As public awareness of the dangers of climate change has grown over the past decade, there has been an increasing push to make our electric grid “greener.” One of the results of this push has been a huge increase in the amount of solar photovoltaics now supplying power to the grid. Indeed, solar PV has been one of the fastest growing renewable sources over the past few years, with module shipments growing 122% between 2009 and 2010 and 43% between 2010 and 2011 according to the EIA . Driven by federal, state, and local incentives, many of these modules are being installed on the rooftops of homes and connected to the distribution grid, thereby reducing the amount of electricity that must be supplied by conventional sources like coal and natural gas.
However, solar and other renewables are not the only game in town when it comes to reducing the carbon footprint of our electric grid. There has also been a drive towards greater efficiency in an effort to allow our existing generation capacity to meet higher demand. Here, I am not referring to the more visible efficiency efforts like promoting the latest lighting and HVAC technologies in new buildings and conservation among residential customers, though these are definitely important. Rather, I am talking about a behind-the-scenes effort to increase the efficiency of the grid itself. This is done through a practice known as conservation voltage reduction (CVR). This practice is still being studied by a number of utilities, but has been estimated to reduce energy consumption by 2-4% . While that may not sound like much, consider that the US consumed 3.75 PWh (that’s petawatt-hours) of electricity last year . A 2% reduction would account for 75 TWh, or roughly the total electricity consumption of the state of New Jersey in 2011 ! But, there may be trouble on the horizon as the ever-increasing number of PV panels connected to the grid threatens to disrupt CVR schemes.
The idea behind is fairly straightforward: reduce the power consumption of load devices by reducing the voltage supplied to them. When an appliance or light is plugged into a wall outlet, it is supplied with a voltage that causes an electrical current to flow. The amount of current that flows depends on the electrical impedance of the appliance. For a DC circuit, the power drawn is equal to the product of the current and the voltage (P = I*V). For an AC circuit, the story is a bit more complicated, but similar enough that the above definition can be used for this explanation. So, by reducing the voltage level slightly, the current to most devices is also reduced (because the impedance of the device has not changed). As a result, the device draws less power and energy is conserved over the long term. This is all done without affecting the operation of the appliance. Though the voltage of most outlets in the US is nominally 120 V, it is allowed to vary by ±6 V. So, your wall outlet voltage might be as high as 126 V or as low as 114 V, and your appliances have to be capable of functioning at any voltage within this range (known as the ANSI Range A) . So, what the CVR scheme does, is keep the voltage within the lower half of this acceptable range, while still keeping it above the lower limit of 114 V. That way, your appliances still function normally while consuming less power.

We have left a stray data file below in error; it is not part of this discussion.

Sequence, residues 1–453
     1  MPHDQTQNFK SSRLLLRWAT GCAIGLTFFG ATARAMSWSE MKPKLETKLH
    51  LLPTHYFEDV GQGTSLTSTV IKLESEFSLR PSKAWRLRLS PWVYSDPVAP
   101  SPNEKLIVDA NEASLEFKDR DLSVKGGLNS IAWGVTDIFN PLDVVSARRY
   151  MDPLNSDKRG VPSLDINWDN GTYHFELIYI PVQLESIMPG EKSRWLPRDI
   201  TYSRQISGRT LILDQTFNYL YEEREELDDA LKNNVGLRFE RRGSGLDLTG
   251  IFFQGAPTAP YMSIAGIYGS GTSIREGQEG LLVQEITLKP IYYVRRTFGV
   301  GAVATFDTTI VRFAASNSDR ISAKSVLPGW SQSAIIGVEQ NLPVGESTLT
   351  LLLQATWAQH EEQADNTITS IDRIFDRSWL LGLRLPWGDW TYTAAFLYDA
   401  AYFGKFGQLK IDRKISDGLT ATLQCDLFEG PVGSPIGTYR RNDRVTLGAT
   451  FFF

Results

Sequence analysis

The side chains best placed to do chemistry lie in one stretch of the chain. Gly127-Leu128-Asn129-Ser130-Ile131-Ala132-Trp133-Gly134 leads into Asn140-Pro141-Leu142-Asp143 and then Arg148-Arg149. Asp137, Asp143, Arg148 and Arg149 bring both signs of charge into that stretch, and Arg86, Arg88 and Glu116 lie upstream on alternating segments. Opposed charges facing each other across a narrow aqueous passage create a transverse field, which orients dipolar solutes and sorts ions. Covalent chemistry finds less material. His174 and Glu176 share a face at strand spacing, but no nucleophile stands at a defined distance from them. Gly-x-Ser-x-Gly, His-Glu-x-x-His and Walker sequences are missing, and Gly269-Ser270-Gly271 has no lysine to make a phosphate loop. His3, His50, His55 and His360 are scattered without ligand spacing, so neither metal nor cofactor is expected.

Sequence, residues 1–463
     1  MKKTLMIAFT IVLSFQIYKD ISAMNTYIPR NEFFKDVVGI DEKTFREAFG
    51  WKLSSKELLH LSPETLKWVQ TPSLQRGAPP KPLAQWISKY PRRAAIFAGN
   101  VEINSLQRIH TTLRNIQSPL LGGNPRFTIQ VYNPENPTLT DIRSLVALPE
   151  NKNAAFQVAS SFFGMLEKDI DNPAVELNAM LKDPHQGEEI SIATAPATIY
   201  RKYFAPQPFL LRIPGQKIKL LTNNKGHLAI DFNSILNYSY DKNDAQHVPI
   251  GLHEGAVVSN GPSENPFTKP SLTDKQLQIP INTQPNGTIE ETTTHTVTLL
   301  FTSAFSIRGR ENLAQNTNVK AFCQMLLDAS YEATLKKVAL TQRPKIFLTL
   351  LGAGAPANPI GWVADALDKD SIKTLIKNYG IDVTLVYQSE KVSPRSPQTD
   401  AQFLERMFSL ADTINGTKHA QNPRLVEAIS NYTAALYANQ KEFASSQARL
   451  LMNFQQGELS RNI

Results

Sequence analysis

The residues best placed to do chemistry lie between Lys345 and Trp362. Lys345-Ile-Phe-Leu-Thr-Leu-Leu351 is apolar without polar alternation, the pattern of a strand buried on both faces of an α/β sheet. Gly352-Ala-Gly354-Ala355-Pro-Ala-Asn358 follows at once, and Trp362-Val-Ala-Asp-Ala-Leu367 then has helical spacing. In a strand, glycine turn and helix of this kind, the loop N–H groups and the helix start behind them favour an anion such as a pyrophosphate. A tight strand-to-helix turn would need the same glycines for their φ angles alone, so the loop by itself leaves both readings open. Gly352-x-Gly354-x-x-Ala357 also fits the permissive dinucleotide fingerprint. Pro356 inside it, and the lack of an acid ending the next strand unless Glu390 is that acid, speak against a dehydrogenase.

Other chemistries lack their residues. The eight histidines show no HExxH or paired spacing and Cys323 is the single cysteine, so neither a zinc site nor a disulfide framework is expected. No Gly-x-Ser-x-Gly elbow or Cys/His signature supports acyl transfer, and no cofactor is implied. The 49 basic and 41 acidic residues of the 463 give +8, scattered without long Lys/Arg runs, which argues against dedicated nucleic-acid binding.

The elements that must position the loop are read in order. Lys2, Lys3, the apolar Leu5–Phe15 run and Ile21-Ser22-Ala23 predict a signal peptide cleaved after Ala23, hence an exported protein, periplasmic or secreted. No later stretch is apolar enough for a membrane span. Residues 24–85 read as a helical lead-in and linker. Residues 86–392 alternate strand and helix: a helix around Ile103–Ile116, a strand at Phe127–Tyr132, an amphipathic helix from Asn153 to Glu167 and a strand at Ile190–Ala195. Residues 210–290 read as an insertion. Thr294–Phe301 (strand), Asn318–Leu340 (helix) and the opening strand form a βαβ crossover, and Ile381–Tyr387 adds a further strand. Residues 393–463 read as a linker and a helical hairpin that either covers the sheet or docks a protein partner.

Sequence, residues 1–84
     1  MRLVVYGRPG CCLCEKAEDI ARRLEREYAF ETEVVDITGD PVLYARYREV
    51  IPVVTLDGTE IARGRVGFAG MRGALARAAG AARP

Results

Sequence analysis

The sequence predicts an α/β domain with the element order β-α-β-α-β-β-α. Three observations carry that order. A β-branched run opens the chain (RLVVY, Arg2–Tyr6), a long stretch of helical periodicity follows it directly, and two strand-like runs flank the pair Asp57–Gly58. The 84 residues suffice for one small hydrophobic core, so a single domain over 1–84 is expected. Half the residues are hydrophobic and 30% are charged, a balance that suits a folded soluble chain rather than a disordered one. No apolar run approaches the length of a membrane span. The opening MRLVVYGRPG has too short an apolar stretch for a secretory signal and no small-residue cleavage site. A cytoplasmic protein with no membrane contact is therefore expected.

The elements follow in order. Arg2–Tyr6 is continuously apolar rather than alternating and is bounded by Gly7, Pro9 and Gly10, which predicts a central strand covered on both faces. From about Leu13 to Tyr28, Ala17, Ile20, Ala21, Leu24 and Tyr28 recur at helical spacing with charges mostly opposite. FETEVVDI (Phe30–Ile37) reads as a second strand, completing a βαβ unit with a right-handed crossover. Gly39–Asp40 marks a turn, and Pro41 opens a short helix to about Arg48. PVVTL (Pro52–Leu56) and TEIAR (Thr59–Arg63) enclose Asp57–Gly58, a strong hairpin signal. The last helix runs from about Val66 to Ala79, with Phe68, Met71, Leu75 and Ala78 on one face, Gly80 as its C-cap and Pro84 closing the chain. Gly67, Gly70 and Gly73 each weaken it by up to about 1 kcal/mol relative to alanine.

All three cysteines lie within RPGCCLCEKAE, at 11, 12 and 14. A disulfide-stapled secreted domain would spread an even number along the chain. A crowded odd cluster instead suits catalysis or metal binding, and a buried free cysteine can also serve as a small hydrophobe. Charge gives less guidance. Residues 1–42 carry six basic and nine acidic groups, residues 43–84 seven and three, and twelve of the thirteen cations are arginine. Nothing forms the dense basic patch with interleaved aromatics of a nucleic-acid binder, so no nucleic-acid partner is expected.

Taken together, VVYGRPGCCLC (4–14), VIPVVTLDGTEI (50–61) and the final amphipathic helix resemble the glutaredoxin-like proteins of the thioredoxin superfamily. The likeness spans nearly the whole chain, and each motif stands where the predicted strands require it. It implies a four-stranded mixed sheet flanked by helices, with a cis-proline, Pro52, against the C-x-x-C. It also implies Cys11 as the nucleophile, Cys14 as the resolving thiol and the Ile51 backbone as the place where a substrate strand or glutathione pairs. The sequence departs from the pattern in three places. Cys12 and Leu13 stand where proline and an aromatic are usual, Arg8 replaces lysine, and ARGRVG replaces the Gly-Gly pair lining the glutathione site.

So, why is solar bad for conservation voltage reduction? Most solar systems in the US are grid-tied systems, meaning they feed the power they produce back into the grid rather than using it to power your home directly. From the point of view of the utility, the PV panels act like new, small generators supplying power locally. Since there is more power being supplied near the load, less has to be supplied by the utility. This is great from an environmental standpoint. However, it also has the side effect of causing the voltage level along the line to get higher . While this would not normally be a problem (as long as the voltage stayed within the ANSI range), it would interfere with CVR schemes. The system is designed by the utility to deliberately keep the voltage low along the line. But the PV panels increase the voltage in a way that was not planned for. And, because solar is an intermittent source, it is difficult for the utility to predict when it may have to compensate for the voltage rise from the PV to keep the voltage low along the lines.All this being said, there is some good news here. Currently, the amount of power being generated by residential PV panels is not enough to significantly affect the line voltage or any potential CVR schemes. Studies are being done to determine how much power must be supplied by photovoltaics before serious problems arise. However, utilities will need to be careful in planning their efficiency efforts going forward, as the penetration of photovoltaics is likely to continue growing in the coming years.